Prehistoric – first settlements:
– Located 50km southwest of the current center, dated back to 700.000 years ago
– Inhabitants became known as Beijing-people; many tools made from stone and bones were discovered
Timespan until Yuan dynastic came into power
…-1000 B.C. the city was called “Ji” and first mentioned in documents. It was a center of commerce, trading with Mongolia, Korea and various tribes from Shandong and central china.
475-221 B.C. “Yanjing” was the new name and the capital of the nation called “Yan”
259-210 B.C., when fighting for power emperor “Qin Shihuangdi” occupied the city
After 221 B.C., during the Qin-Dynasty, the name was changed back to “Ji”. The city was no longer the capital of an empire and turned into an unimportant local town
916 – 1125, during the Liao-Dynasty the city regained some of its former importance
1153 – 1215 the “Jurchs” conquered the city and renamed it into “Zhongdu” (“central capital”). They redeveloped it to a splendid city by using 100.000 slave labourers
In 1215 Dschingis Khan conquered and plundered the city and burned it down.
During the Mongolian Yuan-Dynasty (1271-1368)
- Under “Kublai Khan” the city is redeveloped and became the capital “Yuan”, also known as “Dadu”.
- Due to its location at the end of the side road, it became very wealthy.
- By using the side road many Europeans visited “Yuan”
Further development of power during the Ming (starting 1368)- and Qing (starting 1644)-Dynasties
- 1408 the city was renamed “Beijing” and reconstruction started.
- The “Forbidden City” and the “Temple of Heavan” were built.
- 1421 it becomes the capital of the Ming-Dynasty
- During the Qing-Dynasty many new temples and palaces were added
- The city had its heyday in the first half of the 18th century, when the “Summer Palace” was built. Together with the emperors palace they formed the symbol of the Chinese power and glory.
Beijing after the resignation of the „Mandschu“
- In 1912 the Mandschu resigned and the Republic of China was founded.
- Beijing stays the political center of China until 1928, when Nanjing become the the capital of China
- 1937 – 1945 the city is occupied by the Japanese army
Taking over of control of power by the Communist Party
– On October 1st, 1949, the People’s Republic of China is founded with Beijing as its new capital
– The new government reformed the country thoroughly and planned to convert Beijing into a modern capital. Historic building were demolished or used in a new way, e.g. temples were converted into for instance factories. 20 years after 1940 only 150 of formerly 8.000 remained.
– Protests were not accepted and in many cases put down by force.
Unesco World Heritage Locations
The forbidden city
– A protected palace city as the center of power within Beijing where the emperors of the Ming- and Qing Dynasties lived together with ministers, their relatives and servants. This lasted until 1911.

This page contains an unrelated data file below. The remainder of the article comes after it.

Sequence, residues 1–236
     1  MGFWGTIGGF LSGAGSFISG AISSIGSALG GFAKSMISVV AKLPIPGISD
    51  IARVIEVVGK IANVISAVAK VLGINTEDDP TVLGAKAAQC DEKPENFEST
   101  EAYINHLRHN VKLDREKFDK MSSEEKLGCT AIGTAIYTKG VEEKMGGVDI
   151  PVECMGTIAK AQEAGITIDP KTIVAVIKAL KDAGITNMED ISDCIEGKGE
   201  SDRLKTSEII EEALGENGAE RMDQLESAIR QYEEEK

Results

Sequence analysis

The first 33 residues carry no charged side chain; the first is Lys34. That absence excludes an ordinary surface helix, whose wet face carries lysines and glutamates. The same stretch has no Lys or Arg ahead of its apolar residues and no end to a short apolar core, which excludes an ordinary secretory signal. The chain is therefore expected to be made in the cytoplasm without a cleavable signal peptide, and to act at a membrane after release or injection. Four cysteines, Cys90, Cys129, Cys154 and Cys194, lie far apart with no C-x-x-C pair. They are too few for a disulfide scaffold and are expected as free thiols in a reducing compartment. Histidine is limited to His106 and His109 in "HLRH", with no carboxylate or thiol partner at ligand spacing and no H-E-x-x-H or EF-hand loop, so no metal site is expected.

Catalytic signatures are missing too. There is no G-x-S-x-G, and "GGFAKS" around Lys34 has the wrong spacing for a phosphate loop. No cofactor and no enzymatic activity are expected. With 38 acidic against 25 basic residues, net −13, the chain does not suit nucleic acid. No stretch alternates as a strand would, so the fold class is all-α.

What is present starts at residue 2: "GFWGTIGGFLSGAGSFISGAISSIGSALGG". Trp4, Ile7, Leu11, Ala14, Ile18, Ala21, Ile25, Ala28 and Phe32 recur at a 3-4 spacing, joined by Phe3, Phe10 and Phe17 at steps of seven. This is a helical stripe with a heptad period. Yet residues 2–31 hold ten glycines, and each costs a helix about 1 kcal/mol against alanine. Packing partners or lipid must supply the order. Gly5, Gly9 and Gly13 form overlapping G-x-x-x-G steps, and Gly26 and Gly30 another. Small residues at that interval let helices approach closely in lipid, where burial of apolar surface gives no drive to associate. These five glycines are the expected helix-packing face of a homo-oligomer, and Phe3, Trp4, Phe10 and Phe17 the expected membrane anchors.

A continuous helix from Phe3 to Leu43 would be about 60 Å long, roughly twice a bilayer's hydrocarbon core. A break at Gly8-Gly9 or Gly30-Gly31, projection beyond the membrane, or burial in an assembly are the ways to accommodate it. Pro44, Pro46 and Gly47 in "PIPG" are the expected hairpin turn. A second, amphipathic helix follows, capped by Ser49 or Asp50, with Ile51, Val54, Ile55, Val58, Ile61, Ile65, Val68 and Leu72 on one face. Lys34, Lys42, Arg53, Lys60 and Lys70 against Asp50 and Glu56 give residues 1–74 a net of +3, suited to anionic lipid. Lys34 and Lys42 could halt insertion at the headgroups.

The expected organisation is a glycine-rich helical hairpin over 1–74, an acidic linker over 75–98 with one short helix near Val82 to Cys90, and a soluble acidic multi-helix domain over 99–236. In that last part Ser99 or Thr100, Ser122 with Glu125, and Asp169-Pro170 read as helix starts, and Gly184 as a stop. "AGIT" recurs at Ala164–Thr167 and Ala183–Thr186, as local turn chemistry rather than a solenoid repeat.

– Access for “normal” people was forbidden.
The imperial gravesites of the Ming
– It is the biggest burial site of the Ming, constructed 1409 – 1427 under emperor “Yongle”
– After the death of his wife in 1407 he chose this location for his “Changling-Mausoleum”
– Until the break-down of the Ming-Dynasty 13 emperors were buried there
The Temple of Heaven
– A temple site located to the south of Beijing, surrounded by a double row of walls.
– Masterpieces of architecture and landscape gardening, which influenced other East Asian cultures.
– The emperors of the Ming- and Qing dynasties prayed there for good harvests.
New Summer Palace
– It is the emperor palace located in Northwestern direction of Beijing, a few hundred meters away from the ruins of the destroyed former Summer Palace.
– Even though it was rebuilt a few times it represents one of the highlights of Chinese gardening architecture.
The Great Wall
– Construction started in the 7th century B.C.
– It is a system of a historic fortification of the borders by various walls. Their purpose was to protect the population from attacks and raids by equestrian of nomadic tribes living in northern territories.
– It has a total length of 21.196 km and consists of 43.721 objects at various Locations
Beijing as a cultural center
Chinese kitchen – the Peking duck
– This dish is famous all over the world and its preparation is very sophisticated
– The recipe dates back to the Ming-dynasty
– It combines various artistic elements, like singing, dancing and martial arts
– It uses symbolic rather than real elements and the set-up is sparse.
– It came to Beijing from the provinces Anhui, Hubei und Shaanxi in 1790
– This kind of art is closely related to the art of Chinese painting. Many famous calligraphs also were well-known painters.
– Special writing brushes, Chinese ink, a special grinding stone and paper are used.
– Eight principles form the basics of Chinese calligraphy:
dots, as well as diagonal-, straight-, hooked-, lifted-, inclined-, chipped and pushed forward lines
– It was first manufactured around 100-200 A.D. and is also called “Chinaware”. It’s an imminent part of Chinese arts and culture
– It was the prototype for the development of manufacturing of porcelain in Europe
– After forming it is dried, glazed, dried again and then blazed.
– Most common are “Kung Fu“ and “Wushu“ styles.
– Most styles origin from the martial arts of the Shaolin- or Taoist- monks from the Wudan mountains.
– For becoming an expert it takes decades and children as young as 5 years start with trainings in camps.
(Annika Steinebrunner; Sara Bitala)